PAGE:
Your own VPN in minutes: easy, safe & cheap

You, when using VPN to bypass the network firewall with port 443.
You, when using VPN to bypass the network firewall with port 443.

Everytime I had to setup a VPN, I used to do manually, with guides like these:

To make it easier, I was going to create a shell script like any sysadmin. However, before I did any movement, I went to Google to find if there is already an existing script.

For my luck, I found a great one, called “OpenVPN road warrior installer”:

So far so good, right? Just run the follow command, catch the .ovpn file and I am good to go:

wget -O && bash

Actually, no. I tried to connect to the OpenVPN server I created:

Mon Sep 5 14:25:22 2016 TLS Error: TLS key negotiation failed to occur within 60 seconds (check your network connectivity)
Mon Sep 5 14:25:22 2016 TLS Error: TLS handshake failed

Something wasn’t right. So, I went to my CentOS 6 VPN and tried to find what was wrong:

[root@vpn ~]# service openvpn status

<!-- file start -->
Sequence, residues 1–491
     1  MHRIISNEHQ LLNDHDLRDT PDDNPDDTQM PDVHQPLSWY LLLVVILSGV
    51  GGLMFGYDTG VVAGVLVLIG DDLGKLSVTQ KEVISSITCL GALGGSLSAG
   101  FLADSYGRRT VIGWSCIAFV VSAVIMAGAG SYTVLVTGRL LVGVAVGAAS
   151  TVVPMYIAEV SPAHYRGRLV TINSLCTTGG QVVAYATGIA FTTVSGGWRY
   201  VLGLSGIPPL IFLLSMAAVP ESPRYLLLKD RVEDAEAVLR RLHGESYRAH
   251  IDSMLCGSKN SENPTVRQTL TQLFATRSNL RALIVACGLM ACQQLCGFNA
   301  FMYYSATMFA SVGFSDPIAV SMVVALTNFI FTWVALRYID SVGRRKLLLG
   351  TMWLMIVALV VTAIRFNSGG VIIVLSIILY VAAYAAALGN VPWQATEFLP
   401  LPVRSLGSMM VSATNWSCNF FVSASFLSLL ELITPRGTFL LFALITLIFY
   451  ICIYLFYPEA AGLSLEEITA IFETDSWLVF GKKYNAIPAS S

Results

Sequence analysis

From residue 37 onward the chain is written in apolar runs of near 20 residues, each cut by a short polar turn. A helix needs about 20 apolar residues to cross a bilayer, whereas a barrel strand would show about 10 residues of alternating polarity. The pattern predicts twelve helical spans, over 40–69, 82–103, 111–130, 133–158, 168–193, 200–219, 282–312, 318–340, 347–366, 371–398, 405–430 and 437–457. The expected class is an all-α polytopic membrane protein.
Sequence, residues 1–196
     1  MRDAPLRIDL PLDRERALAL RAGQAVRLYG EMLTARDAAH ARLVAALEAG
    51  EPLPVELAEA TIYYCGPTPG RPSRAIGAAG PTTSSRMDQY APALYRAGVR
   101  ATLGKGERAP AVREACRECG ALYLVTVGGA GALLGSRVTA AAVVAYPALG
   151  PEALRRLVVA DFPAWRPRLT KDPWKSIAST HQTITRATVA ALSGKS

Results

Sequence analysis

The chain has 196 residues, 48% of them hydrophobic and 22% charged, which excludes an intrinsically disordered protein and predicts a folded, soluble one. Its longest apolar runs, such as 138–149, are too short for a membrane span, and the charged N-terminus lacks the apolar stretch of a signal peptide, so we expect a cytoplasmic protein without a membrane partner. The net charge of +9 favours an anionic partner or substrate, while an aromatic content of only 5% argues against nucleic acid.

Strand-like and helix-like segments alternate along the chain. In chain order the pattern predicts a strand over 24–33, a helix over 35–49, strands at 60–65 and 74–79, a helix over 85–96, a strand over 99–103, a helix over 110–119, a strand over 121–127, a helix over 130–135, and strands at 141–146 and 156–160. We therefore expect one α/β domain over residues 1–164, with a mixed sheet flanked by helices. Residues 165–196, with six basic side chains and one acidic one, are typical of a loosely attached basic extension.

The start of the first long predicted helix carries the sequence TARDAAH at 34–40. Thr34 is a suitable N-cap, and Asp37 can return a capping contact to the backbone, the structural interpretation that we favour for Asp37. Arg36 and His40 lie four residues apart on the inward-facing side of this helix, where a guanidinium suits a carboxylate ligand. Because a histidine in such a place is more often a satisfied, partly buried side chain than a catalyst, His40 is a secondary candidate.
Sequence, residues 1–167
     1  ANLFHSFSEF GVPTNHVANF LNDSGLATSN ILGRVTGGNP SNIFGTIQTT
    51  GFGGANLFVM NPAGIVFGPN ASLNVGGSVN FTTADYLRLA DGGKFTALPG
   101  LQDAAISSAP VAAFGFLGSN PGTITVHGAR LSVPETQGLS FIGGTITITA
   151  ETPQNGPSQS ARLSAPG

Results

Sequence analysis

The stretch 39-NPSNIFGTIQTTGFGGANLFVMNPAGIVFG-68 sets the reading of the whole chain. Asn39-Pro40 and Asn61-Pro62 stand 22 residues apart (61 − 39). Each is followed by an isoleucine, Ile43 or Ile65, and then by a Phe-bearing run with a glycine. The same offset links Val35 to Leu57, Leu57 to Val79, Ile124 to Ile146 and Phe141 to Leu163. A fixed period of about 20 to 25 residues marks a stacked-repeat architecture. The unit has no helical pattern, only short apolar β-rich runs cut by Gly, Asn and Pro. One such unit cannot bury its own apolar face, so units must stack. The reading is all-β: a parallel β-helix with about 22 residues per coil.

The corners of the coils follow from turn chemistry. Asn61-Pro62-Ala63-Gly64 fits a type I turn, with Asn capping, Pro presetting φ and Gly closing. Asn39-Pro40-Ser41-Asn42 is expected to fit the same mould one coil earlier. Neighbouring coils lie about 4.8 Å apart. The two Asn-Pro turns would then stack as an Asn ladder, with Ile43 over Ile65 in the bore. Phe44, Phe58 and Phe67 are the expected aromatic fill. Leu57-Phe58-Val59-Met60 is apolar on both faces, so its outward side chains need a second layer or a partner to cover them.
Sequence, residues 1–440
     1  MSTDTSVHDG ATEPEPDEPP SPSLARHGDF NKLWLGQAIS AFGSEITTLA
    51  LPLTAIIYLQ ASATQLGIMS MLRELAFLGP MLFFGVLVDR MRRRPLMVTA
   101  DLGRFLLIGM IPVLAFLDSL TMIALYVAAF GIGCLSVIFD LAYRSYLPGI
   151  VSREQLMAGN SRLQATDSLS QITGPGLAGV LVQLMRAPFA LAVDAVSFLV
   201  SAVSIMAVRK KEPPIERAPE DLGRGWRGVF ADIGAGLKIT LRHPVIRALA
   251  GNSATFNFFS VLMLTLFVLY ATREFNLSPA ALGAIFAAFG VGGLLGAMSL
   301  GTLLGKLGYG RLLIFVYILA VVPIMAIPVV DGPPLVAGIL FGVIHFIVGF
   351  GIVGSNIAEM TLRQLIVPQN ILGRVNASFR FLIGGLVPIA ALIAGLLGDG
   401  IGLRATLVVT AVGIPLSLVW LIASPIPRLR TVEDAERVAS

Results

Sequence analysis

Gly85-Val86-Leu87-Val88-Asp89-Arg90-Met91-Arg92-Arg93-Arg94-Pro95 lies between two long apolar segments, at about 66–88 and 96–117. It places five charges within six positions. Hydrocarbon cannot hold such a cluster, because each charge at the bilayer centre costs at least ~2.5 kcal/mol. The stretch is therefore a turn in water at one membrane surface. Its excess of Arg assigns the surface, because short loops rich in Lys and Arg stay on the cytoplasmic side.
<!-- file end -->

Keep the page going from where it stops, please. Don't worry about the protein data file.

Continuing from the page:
Status written to /var/log/messages

Ok, OpenVPN writes its status into /var/log/messages. So, let’s “tail -f” it:

[root@vpn ~]# tail -f /var/log/messages
Sep 5 13:18:08 vpn openvpn[7996]: ERROR: Cannot open TUN/TAP dev /dev/net/tun: Operation not permitted (errno=1)
Sep 5 13:18:08 vpn openvpn[7996]: Exiting due to fatal error

That’s was the problem. I forgot to ask my host provider to allow TUN/TAP. I am using a 128MB OpenVZ VPS from RamNode ($15/year) and they allow you to modify TUN/TAP setting from their panel. After enabling it and restarting the VM, the OpenVPN client from my notebook connected right away.

That’s it, I had a VPN in a matter of minutes. But wait.. It is a virtual machine. The script does not install a firewall or change the SSH port. I am not safe.

Let’s make it right. First, let’s update:

yum -y update

Ok, let’s install CSF:

wget -O && bash

According to OpenVPN docs, we have to open 443 TCP, 943 TCP and 1194 TCP-UDP on CSF:

vi /etc/csf/csf.conf

I am going to use my VPN just to browse safely on public networks and later I will use port 2222 to SSH, so my “IPv4 Port Settings” configs would look like this:

And of course, I have to put TESTING = “0”.
To finish CSF configurations, we have to create /etc/csf/ file with the follow instructions:

Change with your server IP and save it.

Before I restart CSF, I have to change SSH port to 2222:

sed -i ‘s/#Port 22/Port 2222/g’ /etc/ssh/sshd_config
service sshd restart

Ok, now I can restart CSF with “csf -r”. That’s it, I have a safe VPN for $15/year.


  1. My VPN is used to access from public network, so I use 443 port, not 1194 default one.
  2. If you want to improve more your security, change password auth for ssh keys.